Consider using a neglected perspective – second person
from Write Short Stories by Zoe Fairbairns
As you inserted the key into the lock, you were hoping it would stick. That would have allowed you to believe that it was the wrong key, the wrong lock, that you had come to the wrong house. But the little Yale, with the estate agent’s fob dangling from it, slid in smoothly and turned with ease. The door swung open. It was true, then. Of all the houses in all the world, you had bought this one. You stepped inside. At the other end of the path, two teenage boys passed. One of them made a remark that you did not catch. You guessed it was something obscene. You closed the door and locked it.
It’s unusual. See the work of Helen Dunmore for examples of how it can be done, in short stories and other forms. (‘The Fag’ and ‘Be Vigilant, Rejoice, Eat Plenty’ are in her short-story collection Ice Cream (Viking). Her second-person poem ‘The Malarkey’ is available online.)
It can be spooky and unsettling. Even though the story is addressed to ‘you’, there is usually an ‘I’ present or implied. Is the ‘you’ character being stalked by someone who is not only watching them but reading their mind and silently talking to them? Is the reader conspiring with the stalker? Or is the ‘you’ character too deeply in trouble and denial that he cannot speak for himself but needs someone else (perhaps another version of himself) to speak for him, like the drowning man in Jon McGregor’s ‘We Wave and Call’, from his collection This isn’t the Sort of Thing That Happens to People Like You (Bloomsbury)?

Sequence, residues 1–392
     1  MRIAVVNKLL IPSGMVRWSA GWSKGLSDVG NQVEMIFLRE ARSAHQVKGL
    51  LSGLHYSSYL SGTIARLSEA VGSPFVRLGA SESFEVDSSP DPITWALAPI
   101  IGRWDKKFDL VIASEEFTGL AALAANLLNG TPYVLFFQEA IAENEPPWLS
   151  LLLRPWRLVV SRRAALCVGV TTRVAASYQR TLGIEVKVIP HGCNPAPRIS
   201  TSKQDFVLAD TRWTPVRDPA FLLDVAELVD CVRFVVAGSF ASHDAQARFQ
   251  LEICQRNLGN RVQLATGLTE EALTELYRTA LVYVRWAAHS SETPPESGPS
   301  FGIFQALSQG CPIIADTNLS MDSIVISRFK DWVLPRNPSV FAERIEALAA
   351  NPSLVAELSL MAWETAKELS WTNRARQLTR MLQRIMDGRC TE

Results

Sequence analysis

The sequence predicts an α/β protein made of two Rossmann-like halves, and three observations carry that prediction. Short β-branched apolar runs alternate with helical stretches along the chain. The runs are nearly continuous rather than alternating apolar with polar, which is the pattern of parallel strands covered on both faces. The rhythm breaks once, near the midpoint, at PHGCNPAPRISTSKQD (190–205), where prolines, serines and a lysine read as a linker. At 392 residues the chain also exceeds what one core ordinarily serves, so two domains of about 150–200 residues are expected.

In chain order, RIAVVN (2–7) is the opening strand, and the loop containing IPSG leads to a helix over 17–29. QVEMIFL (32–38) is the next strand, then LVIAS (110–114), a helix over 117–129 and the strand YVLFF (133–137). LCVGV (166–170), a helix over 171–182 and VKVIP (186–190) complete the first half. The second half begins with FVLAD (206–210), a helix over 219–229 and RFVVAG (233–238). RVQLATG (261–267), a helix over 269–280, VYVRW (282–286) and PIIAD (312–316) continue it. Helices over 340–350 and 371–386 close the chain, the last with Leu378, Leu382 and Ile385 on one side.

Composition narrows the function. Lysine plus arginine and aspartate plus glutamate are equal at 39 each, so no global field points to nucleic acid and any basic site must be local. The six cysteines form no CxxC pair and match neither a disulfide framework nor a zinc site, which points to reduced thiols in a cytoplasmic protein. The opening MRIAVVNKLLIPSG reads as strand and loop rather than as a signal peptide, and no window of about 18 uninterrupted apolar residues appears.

Second person is flexible. The ‘you’ can be a specific person, or people in general. The ‘you’ might be the narrator, talking to herself or with multiple personalities. The narrator might be talking to someone who cannot reply, because they are dead or asleep or comatose, imaginary or gagged. They may be a newborn baby; or someone whose professional role is not to reply but to listen – a therapist, a confessor, an interrogator. The narrator may be confiding in ‘you’ the reader, or giving instructions. (In ‘How to Tell a True War Story’ by Tim O’Brien (in his collection The Things They Carried (Flamingo)) the narrator tells several war stories, interspersed with tips on how to tell them. The tips are addressed to ‘you’.)
Or the use of ‘you’ might be a distancing device, a way for the narrator to avoid intense emotion by pretending that what happened didn’t happen to them. You may have heard people speaking this way when being interviewed by TV journalists following a tragedy: ‘You don’t expect to have to bury your own child. They’re supposed to bury you. That’s the natural order. But sometimes the natural order gets it wrong and then it’s you that has to make the arrangements, you who has to choose the coffin…’
However, although second person is unusual and often complelling, it is quite difficult to maintain, and is not always convincing. Sometimes it can be irritating having a narrator telling another character things that they already know. But if you’re looking for ways to shake up your writing, why not give it a go?